Another study, funded by the National Science Foundation and National Institute of Health, looked at whether writing about your feelings could reduce worry and help you perform more efficiently at an upcoming stressful task.
In the study, associate professor of psychology and director of MSU’s Clinical Psychophysiology Lab, Jason Moser, and his associates, had 2 groups of chronically anxious college students complete an 8-minute writing assignment before beginning a stressful task. Half the group wrote about their deepest feelings and thoughts about the upcoming task, and half the group wrote about what they did the day before.
The researchers measured each student with an EEG as they then completed the stressful task. The expressive writing group actually used fewer brain resources to complete the task than the group who wrote about their previous day’s activities. “Expressive writing makes the mind work less hard on upcoming stressful tasks, which is what worriers often get “burned out” over, their worried minds working harder and hotter,” Moser said.
You don’t just get benefit from writing about your worries. Studies also show increases in happiness when we journal about the things we’re grateful for. No matter how you look at it, writing about our feelings seems to be beneficial.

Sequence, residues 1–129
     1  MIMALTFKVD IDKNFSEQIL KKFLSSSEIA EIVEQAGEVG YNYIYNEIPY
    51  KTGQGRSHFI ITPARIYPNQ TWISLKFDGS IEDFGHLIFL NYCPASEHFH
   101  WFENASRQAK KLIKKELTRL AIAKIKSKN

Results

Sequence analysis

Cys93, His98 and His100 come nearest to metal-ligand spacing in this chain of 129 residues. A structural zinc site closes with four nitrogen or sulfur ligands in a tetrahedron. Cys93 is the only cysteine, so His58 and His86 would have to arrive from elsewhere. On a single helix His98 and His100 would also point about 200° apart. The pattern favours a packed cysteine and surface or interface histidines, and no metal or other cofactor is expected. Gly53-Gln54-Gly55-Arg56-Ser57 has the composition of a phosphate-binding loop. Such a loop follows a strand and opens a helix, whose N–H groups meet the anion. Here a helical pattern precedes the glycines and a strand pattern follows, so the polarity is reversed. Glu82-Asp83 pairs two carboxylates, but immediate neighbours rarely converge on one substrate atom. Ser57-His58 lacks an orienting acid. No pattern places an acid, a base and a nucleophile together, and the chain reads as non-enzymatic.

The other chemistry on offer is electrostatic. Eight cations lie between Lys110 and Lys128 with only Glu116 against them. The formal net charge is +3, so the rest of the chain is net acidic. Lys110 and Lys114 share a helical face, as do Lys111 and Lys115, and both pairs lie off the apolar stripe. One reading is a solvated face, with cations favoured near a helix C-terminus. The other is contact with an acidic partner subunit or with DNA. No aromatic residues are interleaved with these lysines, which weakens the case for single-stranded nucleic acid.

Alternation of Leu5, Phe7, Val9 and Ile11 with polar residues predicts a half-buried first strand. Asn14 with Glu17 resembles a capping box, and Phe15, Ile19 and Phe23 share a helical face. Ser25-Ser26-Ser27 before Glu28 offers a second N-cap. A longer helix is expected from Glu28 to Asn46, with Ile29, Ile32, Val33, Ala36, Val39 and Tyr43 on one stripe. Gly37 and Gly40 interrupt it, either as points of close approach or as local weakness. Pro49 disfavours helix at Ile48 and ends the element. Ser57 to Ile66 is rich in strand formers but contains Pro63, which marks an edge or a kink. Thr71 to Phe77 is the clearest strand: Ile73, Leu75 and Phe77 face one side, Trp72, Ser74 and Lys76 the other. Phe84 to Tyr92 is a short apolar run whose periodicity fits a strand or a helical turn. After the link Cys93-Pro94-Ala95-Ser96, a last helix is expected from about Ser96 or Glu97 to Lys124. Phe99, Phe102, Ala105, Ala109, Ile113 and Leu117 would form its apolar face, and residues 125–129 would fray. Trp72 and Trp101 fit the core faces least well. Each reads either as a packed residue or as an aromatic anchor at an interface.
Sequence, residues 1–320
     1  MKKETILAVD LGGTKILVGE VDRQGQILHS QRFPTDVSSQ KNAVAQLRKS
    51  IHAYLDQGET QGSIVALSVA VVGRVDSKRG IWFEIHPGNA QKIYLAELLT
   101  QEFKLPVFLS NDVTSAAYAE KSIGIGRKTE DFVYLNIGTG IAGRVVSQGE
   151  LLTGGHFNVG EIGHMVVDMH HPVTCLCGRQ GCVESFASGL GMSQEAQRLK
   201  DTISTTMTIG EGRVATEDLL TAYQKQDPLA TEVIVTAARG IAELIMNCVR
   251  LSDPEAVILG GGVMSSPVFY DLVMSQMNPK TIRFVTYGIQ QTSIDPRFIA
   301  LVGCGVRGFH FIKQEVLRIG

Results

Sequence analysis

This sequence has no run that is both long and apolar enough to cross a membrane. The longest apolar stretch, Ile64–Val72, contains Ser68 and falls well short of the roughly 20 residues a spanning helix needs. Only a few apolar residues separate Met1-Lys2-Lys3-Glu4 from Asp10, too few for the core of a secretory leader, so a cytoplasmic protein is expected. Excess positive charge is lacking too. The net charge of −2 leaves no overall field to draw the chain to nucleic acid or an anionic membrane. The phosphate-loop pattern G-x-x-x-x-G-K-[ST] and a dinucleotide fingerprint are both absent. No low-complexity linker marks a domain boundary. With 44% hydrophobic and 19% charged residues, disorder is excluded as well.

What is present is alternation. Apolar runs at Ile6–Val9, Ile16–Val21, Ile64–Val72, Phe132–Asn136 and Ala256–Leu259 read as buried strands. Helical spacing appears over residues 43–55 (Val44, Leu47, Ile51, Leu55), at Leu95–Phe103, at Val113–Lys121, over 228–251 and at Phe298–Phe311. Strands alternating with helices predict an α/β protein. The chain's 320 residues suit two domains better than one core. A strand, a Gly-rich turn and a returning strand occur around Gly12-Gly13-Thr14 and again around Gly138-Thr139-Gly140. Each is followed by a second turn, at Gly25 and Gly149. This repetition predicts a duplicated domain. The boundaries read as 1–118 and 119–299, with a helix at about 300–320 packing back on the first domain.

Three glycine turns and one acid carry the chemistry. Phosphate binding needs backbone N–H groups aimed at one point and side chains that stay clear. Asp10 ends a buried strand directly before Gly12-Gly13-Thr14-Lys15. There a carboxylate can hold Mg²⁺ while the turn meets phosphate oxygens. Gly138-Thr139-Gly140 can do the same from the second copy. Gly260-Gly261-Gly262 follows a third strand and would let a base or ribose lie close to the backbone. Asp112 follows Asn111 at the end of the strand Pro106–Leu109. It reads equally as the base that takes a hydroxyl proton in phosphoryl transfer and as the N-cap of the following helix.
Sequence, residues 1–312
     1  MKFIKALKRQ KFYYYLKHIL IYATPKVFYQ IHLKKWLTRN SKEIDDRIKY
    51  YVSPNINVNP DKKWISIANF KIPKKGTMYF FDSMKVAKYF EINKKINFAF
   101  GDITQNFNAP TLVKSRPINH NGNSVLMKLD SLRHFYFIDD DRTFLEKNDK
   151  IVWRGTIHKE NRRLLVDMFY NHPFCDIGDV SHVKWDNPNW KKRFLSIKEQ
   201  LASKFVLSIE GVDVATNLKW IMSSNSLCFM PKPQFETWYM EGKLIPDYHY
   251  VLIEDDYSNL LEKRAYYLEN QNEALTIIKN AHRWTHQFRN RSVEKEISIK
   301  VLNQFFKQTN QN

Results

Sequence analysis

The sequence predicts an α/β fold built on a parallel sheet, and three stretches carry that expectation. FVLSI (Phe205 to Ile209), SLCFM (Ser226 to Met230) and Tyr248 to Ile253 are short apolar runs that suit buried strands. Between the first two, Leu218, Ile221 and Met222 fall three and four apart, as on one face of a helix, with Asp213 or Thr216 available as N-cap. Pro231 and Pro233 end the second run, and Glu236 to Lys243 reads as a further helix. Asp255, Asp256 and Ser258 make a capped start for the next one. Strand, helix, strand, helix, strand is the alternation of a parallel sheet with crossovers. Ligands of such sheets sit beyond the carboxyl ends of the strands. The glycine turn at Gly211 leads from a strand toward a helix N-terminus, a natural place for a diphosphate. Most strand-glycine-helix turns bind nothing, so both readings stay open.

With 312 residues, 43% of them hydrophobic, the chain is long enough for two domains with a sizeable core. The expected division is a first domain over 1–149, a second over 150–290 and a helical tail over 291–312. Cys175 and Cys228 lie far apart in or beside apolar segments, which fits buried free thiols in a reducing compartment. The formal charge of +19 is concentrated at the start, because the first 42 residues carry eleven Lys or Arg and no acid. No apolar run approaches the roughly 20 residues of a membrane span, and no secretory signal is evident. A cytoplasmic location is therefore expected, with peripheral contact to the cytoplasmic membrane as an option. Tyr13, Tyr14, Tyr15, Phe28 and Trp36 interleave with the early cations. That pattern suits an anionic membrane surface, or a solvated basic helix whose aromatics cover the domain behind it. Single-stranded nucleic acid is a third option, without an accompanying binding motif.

Digital writing makes using a digital journal for expressive writing easier and more convenient because of the flexibility digital tools offer. This is one of the reasons why Digital Journals are so Popular and useful. They come in different formats that can be used to record thoughts and feelings, from a notebook page to a bullet journal. You can also customize your own digital journal to have the features you like best.
When thoughts are journaled digitally, not only do you get the benefits of writing about your feelings, you also get to keep those thoughts and feelings stored in a digitally secure format. When used with a note-taking app, your digital notes can be kept behind a password inside the app and a password on your device.